Earth Today | ‘Restoring Earth’
Local stakeholders identify priority actions
AS THE world turns its attention to restoration this Earth Day, local players from the environmental sector are making their voices heard on how to make that happen, certainly in this part of the globe.
“‘Restoring Earth’ seems like an insurmountable task, but we have to be strategic in our approach. It requires interventions that include stopping our destructive activities, conserving ecosystems and rehabilitating what has been damaged,” said Professor Mona Webber, ecologist and head of the Centre for Marine Sciences (CMS) at The University of the West Indies.
Her comment comes against the background of this year’s theme for Earth Day, ‘Restore our Earth’, and a world changed by the assault of the COVID-19 pandemic over the last year.
Coastal ecosystems, Webber said, should be among the priorities “due to their tremendous value in ecosystem services and the dependence of our populations – many of them marginalised – on these systems”.
For its part, she said the CMS has been taking action.
“CMS has been taking a strategic approach to restoration of coastal ecosystems and involving determining why coastal systems are being damaged, what is really causing the need for restoration and executing or conducting the restoration with the involvement of as many stakeholders as possible, especially the people who benefit directly, the vulnerable coastal communities,” Webber told The Gleaner.
“We are also educating and informing; letting people know that it can be done and how. Indeed many of our funding agencies are requiring community involvement as this offers better likelihood of success and sustainability,” she added.
For environmental advocate and head of Change Communications, Indi Mclymont-Lafayette, what is required is sustained climate action.
“Internationally, lockdowns have been good for reducing our carbon emissions. In some areas we are getting much cleaner, fresher air, for example. So we need to ask some tough questions: do we NEED to move about as much as we used to in pre-COVID times? What should we prioritise for action going forward? One international priority has to be sustained climate action,” she said.
“At the national level, as Jamaica works to restore our economy, we have to act on our commitments re the green economy and prioritise more sustainable eco-livelihoods. For example, more farmers should access climate-smart agriculture options, such as aquaponics and greenhouse farming,” Mclymont-Lafayette added.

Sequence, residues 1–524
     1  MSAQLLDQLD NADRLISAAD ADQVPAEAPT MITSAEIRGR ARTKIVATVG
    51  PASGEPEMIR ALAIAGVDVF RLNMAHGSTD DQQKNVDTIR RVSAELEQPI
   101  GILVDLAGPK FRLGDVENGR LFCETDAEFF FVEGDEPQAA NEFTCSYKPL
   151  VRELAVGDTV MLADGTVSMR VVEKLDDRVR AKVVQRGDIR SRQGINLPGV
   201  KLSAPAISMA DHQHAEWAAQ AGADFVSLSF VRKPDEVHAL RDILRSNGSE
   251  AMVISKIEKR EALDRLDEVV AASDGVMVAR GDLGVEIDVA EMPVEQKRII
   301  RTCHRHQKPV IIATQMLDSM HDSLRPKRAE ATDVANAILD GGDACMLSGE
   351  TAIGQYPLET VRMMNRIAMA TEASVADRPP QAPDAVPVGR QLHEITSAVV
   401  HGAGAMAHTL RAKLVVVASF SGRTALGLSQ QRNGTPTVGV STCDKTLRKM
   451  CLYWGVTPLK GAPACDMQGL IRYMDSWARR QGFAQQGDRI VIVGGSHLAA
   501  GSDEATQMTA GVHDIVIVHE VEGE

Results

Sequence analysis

There is also need for individual action.
“We have to look at what we are doing in our own space. I want to make sure my work in the policy arena is matched with practical action. So, for example, I serve on the Communications and Public Education Committee for Redd+, an initiative that will see Jamaica being paid to preserve our forests, but I also on Earth Day will be a part of The Forestry Departments Past Students Tree Planting at Clarendon College,” she said.
“Also since COVID, I have been working more from home and looking seriously at backyard gardening. Last week, for the first time, we got a pumpkin from a few seeds we had thrown in the backyard. Proudness buck say mi a eat weh mi grow! So it can be small things, but let’s start!” the Change Communication boss added.
Barrington Lewis, chief executive officer for the Environmental Foundation of Jamaica (EFJ), said there is need to innovate against the background of the COVID-19 pandemic.
“I am very pleased with the theme ‘Restore our Earth’ that was chosen for this year. It focuses our attention on emerging green technologies and, importantly, innovative thinking that can impact positively the world’s ecosystem. The COVID-19 pandemic has forced us to think outside the box and the Earth Day theme is also doing that,” he noted.
“We know climate change has been discussed and efforts have been put into mitigation and adaptation activities, but the theme has called for new ideas and new thinking. I support all efforts, and at the EFJ we have been encouraging new ideas,” Lewis added.
As for actions being taken by the EFJ in favour of a restored Earth, Lewis said, “We have recommendations on simple acts of ‘green’ that you can do; activities such as recycling, composting, turning off lights, etc., will go a far way in reducing our carbon footprint.
“I am also happy to announce that the NGO sector can look out for us opening another call for proposals very soon, where they can once again apply for grants. More details will follow in the print and social media as well as on our website,” the CEO noted.